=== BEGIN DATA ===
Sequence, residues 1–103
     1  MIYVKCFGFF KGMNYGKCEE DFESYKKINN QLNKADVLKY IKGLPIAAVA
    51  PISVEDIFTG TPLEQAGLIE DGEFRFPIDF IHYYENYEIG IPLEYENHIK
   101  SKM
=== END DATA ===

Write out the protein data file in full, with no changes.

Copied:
Sequence, residues 1–103
     1  MIYVKCFGFF KGMNYGKCEE DFESYKKINN QLNKADVLKY IKGLPIAAVA
    51  PISVEDIFTG TPLEQAGLIE DGEFRFPIDF IHYYENYEIG IPLEYENHIK
   101  SKM